White-Collar Exemption and Overtime
Reporting that 1.3 million workers will now become eligible for overtime pay, the Department of Labor (DOL) has released its final rule to update the exemption requirements of the Executive, Administrative and Professional Employee (EAP) as well as Highly Compensation Executive (HCE) classifications.
After overcoming many hurdles, injunction enjoined and invalidation, the DOL released its final rules yesterday with an effective date of January 1, 2020. Additionally, the 2016 final rule that was declared invalid by the United State Court of Appeals for the Fifth Circuit has been rescinded by the DOL.
Settling below the original published salary level and just slightly higher than the most recently proposed the DOL raised the nation’s exempt salary threshold from $455 per week/$23,660 annually to $684 per week/$35,568 annually. As a reminder, this is the first time since 2004 that the salary level has been increased. As previously published, these newest final regulations do not include any adjustment to the standard duties test for these “White Collar” Exemptions.
There are also no changes in overtime rules for Police Officers, Fire Fighters, Paramedics, Nurses, Laborers including non-management and production line employees, and non-management in maintenance, construction, and similar occupations. However, new or “special” salary levels have been released for both employees in the motion picture industry and certain U. S. territories.
Additionally, the new regulations will increase the salary threshold for certain HCEs from $100,000 to $107,000. It is important for employers to note that an HCE must be paid at least the weekly standard salary amount of $684.00 without nondiscretionary bonus, incentive pay or commissions. Non-discretionary bonus, incentive pay, or commission may be counted toward the annual salary requirement of $107,000.00.
Employers will still be able to use a nondiscretionary bonus, incentive pay, or commissions to satisfy up to 10% of the standard salary level for EAP classifications and as previously stated for meeting the annual salary requirement for HCEs. These payments must be paid annually or on a more frequent basis in order to be eligible. A one-time “catch-up payment of up to 10% of the total standard salary level may be made within one pay period of the end of the 52-week pay period for those employees who have not earned enough to maintain their exempt status. This makeup payment only counts toward the previous 52-week salary amount and not for the salary in the year that it was paid.
I continue to promote that the following actions steps can help employers determine the impact on their organization and encourage that they should be promptly initiated for the effective date of January 1, 2020:
- Identify employees currently classified as exempt who will fail the new salary test.
- Model potential costs based on possible response (e.g. raise pay to new threshold level, reclassify as nonexempt and pay overtime, or lower pay to offset overtime requirement).
- Review job descriptions and tasks of impacted positions to determine if certain exempt tasks and responsibilities may be reassigned or maintained with the current position.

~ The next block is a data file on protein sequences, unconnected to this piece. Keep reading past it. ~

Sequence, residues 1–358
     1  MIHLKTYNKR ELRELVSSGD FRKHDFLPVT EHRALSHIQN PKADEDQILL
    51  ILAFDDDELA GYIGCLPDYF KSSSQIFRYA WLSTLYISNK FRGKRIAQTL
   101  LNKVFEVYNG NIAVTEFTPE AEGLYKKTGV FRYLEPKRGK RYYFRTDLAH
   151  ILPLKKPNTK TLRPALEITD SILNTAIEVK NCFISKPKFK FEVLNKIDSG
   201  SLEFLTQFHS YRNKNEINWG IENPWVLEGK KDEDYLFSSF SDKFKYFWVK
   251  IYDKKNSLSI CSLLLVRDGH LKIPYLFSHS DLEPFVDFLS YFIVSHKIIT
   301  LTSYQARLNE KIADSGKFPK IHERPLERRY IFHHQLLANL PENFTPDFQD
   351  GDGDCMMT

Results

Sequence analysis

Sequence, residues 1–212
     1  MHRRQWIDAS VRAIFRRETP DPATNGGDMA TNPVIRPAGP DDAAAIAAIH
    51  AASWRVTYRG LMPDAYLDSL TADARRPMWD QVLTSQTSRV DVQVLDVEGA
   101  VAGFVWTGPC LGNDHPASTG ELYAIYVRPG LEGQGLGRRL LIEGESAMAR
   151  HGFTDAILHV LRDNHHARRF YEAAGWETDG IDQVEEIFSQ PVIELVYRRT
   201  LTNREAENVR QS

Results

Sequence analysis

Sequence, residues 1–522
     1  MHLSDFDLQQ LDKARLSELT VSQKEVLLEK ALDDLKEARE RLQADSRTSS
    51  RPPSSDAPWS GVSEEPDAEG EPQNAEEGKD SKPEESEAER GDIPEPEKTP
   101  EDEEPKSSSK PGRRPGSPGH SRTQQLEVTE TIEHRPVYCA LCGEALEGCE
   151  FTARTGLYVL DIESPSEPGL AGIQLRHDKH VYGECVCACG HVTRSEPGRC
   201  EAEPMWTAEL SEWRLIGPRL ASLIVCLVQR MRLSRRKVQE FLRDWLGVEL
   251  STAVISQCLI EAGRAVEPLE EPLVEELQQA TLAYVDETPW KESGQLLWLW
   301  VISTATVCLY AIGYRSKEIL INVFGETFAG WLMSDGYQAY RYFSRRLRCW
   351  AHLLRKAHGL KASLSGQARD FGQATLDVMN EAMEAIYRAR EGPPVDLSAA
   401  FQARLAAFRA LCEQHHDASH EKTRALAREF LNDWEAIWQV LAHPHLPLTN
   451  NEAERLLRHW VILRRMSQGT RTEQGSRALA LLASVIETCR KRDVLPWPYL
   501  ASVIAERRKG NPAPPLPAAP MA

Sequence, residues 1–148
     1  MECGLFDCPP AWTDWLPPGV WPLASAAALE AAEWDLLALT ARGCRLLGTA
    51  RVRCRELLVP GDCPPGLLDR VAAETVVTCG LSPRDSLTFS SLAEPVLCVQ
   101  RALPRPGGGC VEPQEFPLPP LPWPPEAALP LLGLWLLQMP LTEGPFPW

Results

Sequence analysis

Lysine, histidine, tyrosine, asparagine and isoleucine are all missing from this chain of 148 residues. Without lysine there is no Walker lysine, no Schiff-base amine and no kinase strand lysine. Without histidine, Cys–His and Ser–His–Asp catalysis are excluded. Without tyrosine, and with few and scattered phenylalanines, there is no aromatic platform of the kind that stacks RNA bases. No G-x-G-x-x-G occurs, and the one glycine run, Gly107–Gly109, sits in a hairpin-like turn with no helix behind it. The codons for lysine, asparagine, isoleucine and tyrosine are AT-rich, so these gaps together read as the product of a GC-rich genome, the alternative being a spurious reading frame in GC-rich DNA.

- Consider how pay changes or other changes in job assignments may impact your organization (e.g., pay compression with next level, supervisory career paths).
- Develop administrative implementation plans including payroll and HRIS systems, in order to ensure compliance and maintain compliance with the three-year automatic update provisions.
If employers find that certain positions no longer meet the standards set out in the white-collar exemption, they are required to either (1) readjust duties and compensations to re-qualify their employee or, (2) the position(s) need to be reclassified as non-exempt and the employee(s) are required to receive overtime pay for all hours worked over 40 hours in a workweek.
Misclassifications in these white-collar exemption’s categories happen often. As employers apply the final salary guidelines, also know that salary level is just one criterion for exemption from overtime. The standards duties test can be hard to apply especially for administrative and lower-level management positions. These positions typically carry non-exempt duties and can be difficult to classify as exempt duties with the confines of the DOL regulations. Since, these groups consistently average over 40 hours a workweek – pushing upwards of 50- 60 hours, employers will need to ensure that the positions are correctly categorized as exempt from the overtime provisions of the FLSA applying both the salary threshold and the standard duties test.
Penalties for misclassification of employees range from recovery of back wages and an equal amount of liquidated damages. The DOL may also litigate and recommend criminal prosecution. Employers who willfully violate or repeatedly violate the wage laws (Fair Labor Standards Act) may be assessed civil monetary penalties and more for child labor violations. Employees who file a complaint or who participate in a claim are also protected from retaliation.
Employers should also continue to monitor Wage and Hour laws as the DOL aims to update the salary requirements on a more frequent basis. This has been written into the final rules with the DOL using the notice and comment rule-making procedure.